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A composite image showing US President Donald Trump and journalist Bob Woodward. Mandel Ngan/AFP via Getty Images; Alex Wong/Getty Images; Business Insider

Bob Woodward says Trump called his book 'a fake' on Twitter 90 minutes after he warned the president it would be 'tough'


Bob Woodward said that President Donald Trump tweeted that his book was going to be "a fake" after he warned the president that his book was going to be "tough" on him.

Woodward — one of the two journalists that uncovered the Watergate scandal, and who has written books about the Trump, Obama, and Bush administrations — told CBS News' "60 Minutes" in an interview published Sunday that Trump decided to publicly dismiss the the book after he was given the warning.

Woodward said he delivered the warning on August 14 after Trump called to ask if Woodward could write about the normalization of relations between Israel and the United Arab Emirates, which Trump had announced.

Woodward said he told Trump it was too late — because his book had been sent to press — but that he told the president instead: "It's a tough book. There are going to be things that you are not gonna like, judgments that I made."
© Jonathan Ernst/Reuters
Bob Woodward and Carl Bernstein, the reporters who covered the Watergate scandal, at the White House Correspondents' Association dinner in Washington, DC, in 2017. Jonathan Ernst/Reuters

Woodward said that Trump responded by saying: "Well, I didn't get you on this book. Maybe I'll get you on the next one."

Woodward then described the president's next actions: "An hour and a half later, he tweeted out that the Bob Woodward book is gonna be fake," he told "60 Minutes."

The full Trump tweet reads: "The Bob Woodward book will be a FAKE, as always, just as many of the others have been. But, believe it or not, lately I've been getting lots of GREAT books!"

The president also claimed in a previous tweet: "Everybody does phony books on Donald Trump and Republicans."

It is not clear if Trump had read any parts of the book or knew more details about what it would include before he decided to send the tweet.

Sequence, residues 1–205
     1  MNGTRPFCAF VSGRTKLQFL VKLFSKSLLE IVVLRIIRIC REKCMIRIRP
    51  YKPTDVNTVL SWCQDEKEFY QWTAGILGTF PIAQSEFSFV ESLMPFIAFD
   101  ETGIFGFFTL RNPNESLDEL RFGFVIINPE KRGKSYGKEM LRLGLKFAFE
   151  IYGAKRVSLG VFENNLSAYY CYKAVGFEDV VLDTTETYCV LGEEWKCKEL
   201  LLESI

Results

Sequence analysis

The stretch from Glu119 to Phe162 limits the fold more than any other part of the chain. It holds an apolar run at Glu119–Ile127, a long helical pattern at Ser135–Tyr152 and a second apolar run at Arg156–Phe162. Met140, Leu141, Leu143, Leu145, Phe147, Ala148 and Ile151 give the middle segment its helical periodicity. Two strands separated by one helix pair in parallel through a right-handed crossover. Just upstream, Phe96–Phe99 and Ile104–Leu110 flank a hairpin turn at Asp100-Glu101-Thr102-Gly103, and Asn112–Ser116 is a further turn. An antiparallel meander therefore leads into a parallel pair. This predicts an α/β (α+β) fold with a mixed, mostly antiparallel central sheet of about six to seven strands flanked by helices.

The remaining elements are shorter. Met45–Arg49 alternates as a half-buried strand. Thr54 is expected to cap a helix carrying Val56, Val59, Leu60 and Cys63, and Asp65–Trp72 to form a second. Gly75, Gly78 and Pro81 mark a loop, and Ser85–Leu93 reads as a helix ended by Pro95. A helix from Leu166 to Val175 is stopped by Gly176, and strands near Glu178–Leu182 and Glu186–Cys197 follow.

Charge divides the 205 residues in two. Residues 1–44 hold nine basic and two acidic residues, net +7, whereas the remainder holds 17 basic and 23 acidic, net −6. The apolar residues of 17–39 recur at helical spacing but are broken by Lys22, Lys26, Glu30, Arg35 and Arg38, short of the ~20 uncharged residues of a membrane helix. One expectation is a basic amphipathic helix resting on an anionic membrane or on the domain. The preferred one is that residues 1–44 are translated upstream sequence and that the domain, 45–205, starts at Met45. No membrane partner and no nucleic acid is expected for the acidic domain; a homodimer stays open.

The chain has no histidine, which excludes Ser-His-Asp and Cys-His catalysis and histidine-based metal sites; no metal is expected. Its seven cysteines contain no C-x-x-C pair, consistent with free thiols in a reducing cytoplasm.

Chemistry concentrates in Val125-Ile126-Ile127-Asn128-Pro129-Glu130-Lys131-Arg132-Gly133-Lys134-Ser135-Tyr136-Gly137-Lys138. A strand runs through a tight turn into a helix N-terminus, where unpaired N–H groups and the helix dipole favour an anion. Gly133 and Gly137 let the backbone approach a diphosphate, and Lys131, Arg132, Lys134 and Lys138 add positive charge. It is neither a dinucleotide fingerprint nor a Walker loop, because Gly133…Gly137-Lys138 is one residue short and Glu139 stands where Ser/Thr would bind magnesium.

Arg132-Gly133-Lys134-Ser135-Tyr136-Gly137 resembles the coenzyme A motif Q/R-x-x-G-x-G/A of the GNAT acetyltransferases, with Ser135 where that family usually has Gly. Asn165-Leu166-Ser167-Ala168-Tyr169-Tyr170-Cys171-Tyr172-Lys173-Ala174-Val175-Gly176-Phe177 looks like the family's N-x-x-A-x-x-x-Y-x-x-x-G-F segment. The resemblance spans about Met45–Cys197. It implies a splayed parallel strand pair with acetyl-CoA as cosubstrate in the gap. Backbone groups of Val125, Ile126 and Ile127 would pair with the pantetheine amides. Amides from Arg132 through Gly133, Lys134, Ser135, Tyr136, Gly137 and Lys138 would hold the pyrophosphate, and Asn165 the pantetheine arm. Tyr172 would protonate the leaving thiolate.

Trump was, however, interviewed by Woodward 18 times for the book.

He was interviewed by Woodward himself over several months, totalling nine hours of interviews. Trump did those interviews despite aides advising him against it, because he believe he could "charm" the reporter, multiple reports said.

Among the book's revelations are that Trump deliberately downplayed the threat of the coronavirus in the early stages of the outbreak, and that he decided to order the military strike that killed top Iranian general Qassem Soleimani despite top advisors urging him not to do so.

Woodward broke the Watergate story, alongside Washington Post reporter Carl Bernstein, which led to the resignation of then-President Richard Nixon in the 1970s after they uncovered his administration's attempts to bug and steal documents from the Democratic National Committee headquarters.

His new book on Trump, "Rage," is due to be released on Tuesday.

In the "60 Minutes" interview, Woodward also said that Trump was "ridiculing me" after he asked whether the president was able to "understand the anger and the pain, particularly, Black people feel in this country."

Trump retweeted a tweet on Monday that said that Woodward "deserved to be ridiculed."

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